Those early morning "think alongs" can be killers, or they can be interesting enough for a great piece of writing. I do remember the name, Marjorie Norton, for she was the guidance counselor who told me to just stay home and farm with my dad, that I was certainly not college material. I earned the degree, then embarked on a nearly 50 year journalism career with credits in nearly 100 magazines and stints at three daily newspapers, a great publishing house, an ad agency and finally a country weekly, which was way too much fun. I'm also pleased to be one of the few Big Stone County residents to have won AAEA plaques along with NAMA and Pictures of the Year recognitions, along with too many state newspaper awards in Iowa, Colorado and Minnesota to remember. Oh, and Marjorie, I was also the first "ag" writer to win two Oscars in Agriculture. So there!
I hope the instructor understood that raising pigs successfully, also requires a certain business acumen. Otherwise, she was being derisive on two levels. I am sure she became aware of your success as you flourished as a writer. That would of course require that she remember her students by name and possess a modicum of empathy. Keep the pen in motion!
Wonderful messages, Brent. I think of Wally as well but for a totally different reason. I have my dad’s cribbage board that was made by Wally. I think of him whenever I play. He was such a kind man and Edith a wonderful woman.
And this is precisely why we teachers, from early childhood to college, need to check our thinking, our judgements, and beliefs at the door and remember that a remark, positive or negative, can stay with a human for a very long time.
The above made me think of another piece you wrote about a stone barn near where you live and the man you know who helped pour the floor. As for the pigs, you were always a writer, but at the time, you made your money as a pig farmer. You just had to say to yourself and the world you were a writer, and that took time and effort to develop. I always enjoy reading what you write.
She overstepped her position for sure, but we never know what might be the motivator ?
Beautiful....and from the little I know of you from your writing, I doubt any 'rebuke' the instructor might receive from you would be in any way as hurtful as her words to you.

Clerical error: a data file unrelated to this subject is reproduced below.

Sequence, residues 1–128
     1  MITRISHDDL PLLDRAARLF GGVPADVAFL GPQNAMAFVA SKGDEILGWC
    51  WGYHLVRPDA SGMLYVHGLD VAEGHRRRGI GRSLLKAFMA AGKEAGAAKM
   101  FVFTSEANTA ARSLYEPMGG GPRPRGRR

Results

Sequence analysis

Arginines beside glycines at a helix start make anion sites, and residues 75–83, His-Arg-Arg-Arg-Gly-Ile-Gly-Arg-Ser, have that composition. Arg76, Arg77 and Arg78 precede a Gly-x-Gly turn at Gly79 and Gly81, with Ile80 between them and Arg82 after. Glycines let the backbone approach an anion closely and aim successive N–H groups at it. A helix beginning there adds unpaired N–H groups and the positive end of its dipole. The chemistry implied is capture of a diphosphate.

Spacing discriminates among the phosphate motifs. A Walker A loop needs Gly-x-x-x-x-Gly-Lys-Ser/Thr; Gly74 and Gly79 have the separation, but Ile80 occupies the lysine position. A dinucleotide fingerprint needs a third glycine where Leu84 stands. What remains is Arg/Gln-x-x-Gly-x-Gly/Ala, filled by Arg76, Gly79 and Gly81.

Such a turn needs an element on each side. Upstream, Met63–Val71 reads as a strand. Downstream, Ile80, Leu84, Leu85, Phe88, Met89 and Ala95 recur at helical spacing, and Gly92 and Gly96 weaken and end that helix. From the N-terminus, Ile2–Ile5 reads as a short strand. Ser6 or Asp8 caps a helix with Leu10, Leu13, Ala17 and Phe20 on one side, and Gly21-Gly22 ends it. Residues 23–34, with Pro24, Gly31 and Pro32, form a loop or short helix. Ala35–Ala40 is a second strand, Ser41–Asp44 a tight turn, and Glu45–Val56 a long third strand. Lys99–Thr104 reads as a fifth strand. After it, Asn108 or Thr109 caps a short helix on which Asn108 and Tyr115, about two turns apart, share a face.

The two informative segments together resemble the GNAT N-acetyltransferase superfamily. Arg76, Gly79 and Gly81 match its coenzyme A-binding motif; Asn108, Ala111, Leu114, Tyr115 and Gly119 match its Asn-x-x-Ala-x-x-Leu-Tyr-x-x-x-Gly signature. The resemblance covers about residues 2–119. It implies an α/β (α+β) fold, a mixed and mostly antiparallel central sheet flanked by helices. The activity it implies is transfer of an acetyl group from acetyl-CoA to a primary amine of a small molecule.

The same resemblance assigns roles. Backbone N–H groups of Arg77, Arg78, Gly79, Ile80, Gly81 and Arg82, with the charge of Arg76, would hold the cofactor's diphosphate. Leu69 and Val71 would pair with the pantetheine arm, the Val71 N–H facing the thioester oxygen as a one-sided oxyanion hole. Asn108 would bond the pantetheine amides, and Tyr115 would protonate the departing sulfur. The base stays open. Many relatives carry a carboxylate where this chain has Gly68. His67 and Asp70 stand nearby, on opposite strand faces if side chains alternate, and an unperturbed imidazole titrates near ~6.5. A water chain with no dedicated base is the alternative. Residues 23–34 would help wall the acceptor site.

Thank you Brent. Once again your writing touched me. Now I live in Madison Wisconsin and I’m reading “Crossing to Safety” for the second time. It is so much fun to read it now that I live in Madison, having moved from Luverne ,Minnesota ten years ago. I grew up on a farm in southeastern Minnesota. I was the the sole daughter, having three brothers. I wasn’t involved in the hard work of the farm but instead practice my piano and saxophone and relished learning in my small high school and then enrolling at Luther College.
What a treat is mine, reading Wallace Stegner and Brent Olson on this cloudy morning. Life is good when I am able to put Afghanistan forest fires, hurricane Ida out of mind for an hour or two. I am grateful.
I really enjoy your writing and your perspectives on life from a country boys life on a farm. I grew up in the country and enjoyed reading your books and articles over the years.
This article reminds me of how I wanted to take shop classes in high school and my mom said it was not a something you will ever take and learn to use your mind. So I tried the University for 2 years and found a job helping build a church in Cannon Falls as an apprentice carpenter. 50 years later, I still enjoy building and creating things as a carpenter and enjoyed my career path as a skilled craftsmen. Just like learned my skills as a carpenter by practicing them, you mastered your writing skills by practicing and honing them over the years.
I am glad that my son and his wife gave me your books many years ago.
Thanks again for such good writing, it is good this has turned out better than the pigs!